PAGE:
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UK Presidency of the EU proposes exporting British surveillance policies to Europe

The UK Presidency's first formal report, entitled 'Liberty and Security: Striking the Right Balance', was released today. It argues the case for new and expansive policies on communications surveillance, biometrics, travel surveillance, and CCTV. In fact, it promises to take UK policy failures to the European level.

Communications data retention

Despite having only a voluntary framework in UK law, the UK Presidency of the EU is pursuing mandatory data retention in a framework decision at the Council. The report argues that in terror investigations in the UK, half of all data requests are for data over six months old. In an effort to reduce industry opposition, the UK claims that retention only cost a certain mobile phone network 1.2 million euros for 12 months. It states that retention will not apply to internet data except for 'logs-on and logs off' though this is not clarified.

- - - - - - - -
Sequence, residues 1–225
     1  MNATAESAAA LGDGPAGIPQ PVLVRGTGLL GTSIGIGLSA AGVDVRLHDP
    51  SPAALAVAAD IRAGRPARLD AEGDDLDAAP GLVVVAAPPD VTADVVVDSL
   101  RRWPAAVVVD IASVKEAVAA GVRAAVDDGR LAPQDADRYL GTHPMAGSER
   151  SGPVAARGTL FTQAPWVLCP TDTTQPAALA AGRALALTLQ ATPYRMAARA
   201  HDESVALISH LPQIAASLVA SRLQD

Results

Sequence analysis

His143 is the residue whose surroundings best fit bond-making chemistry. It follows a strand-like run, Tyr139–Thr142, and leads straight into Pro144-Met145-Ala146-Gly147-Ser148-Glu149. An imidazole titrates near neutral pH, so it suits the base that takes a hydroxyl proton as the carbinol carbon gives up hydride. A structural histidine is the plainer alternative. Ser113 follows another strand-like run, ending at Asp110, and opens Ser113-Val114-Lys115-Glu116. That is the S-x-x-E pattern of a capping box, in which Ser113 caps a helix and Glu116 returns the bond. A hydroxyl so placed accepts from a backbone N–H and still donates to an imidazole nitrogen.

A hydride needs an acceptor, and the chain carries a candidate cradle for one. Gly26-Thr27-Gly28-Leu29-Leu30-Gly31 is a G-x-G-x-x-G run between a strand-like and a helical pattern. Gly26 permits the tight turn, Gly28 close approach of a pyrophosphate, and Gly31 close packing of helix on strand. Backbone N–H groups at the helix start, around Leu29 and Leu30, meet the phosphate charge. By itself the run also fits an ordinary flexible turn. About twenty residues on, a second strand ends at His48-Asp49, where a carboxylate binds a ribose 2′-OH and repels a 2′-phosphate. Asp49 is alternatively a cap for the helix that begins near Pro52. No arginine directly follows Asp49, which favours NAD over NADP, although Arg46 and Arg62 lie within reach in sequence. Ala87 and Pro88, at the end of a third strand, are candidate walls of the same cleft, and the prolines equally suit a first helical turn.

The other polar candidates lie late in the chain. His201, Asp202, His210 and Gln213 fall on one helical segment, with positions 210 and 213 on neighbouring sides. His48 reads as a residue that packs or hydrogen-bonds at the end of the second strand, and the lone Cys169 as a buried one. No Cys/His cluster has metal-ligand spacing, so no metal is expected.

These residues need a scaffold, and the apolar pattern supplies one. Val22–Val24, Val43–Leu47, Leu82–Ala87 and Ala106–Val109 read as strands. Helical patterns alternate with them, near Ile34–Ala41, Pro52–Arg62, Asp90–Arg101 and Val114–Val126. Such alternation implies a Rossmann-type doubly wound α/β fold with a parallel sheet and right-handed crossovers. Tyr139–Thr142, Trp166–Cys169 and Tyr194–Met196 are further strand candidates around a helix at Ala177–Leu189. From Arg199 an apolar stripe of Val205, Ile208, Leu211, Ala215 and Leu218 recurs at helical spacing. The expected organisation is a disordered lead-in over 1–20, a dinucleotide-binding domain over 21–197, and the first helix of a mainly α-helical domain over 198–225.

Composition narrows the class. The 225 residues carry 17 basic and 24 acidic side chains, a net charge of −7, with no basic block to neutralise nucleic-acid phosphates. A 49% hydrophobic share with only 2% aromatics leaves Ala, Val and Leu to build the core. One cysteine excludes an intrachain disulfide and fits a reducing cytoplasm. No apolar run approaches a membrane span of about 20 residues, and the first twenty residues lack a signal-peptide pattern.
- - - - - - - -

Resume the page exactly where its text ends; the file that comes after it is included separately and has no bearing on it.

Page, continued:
Biometric identity documents

The UK Presidency proposes biometrics as the natural technological evolution from photographs in passports. The report states: "To turn our backs on proven biometric technology, to ignore the use made of fingerprints, iris and digital photos by both government and the private sector would be to reject the twenty-first century." It refers optimistically to 'robust' technology, despite clear evidence from government studies showing significant failure rates, and suggests that biometric data be stored in a database to prevent multiple enrolments.

Travel surveillance

After a controversial battle with the US authorities, who demanded that European airlines hand over passenger name records (PNR), the UK seems to be coming round to the American way of thinking. The report calls for expansive use of Passenger Name Records across the EU in order to aid law enforcement and immigration control, and for this data to be mined to compare travel patterns with suspect profiles.

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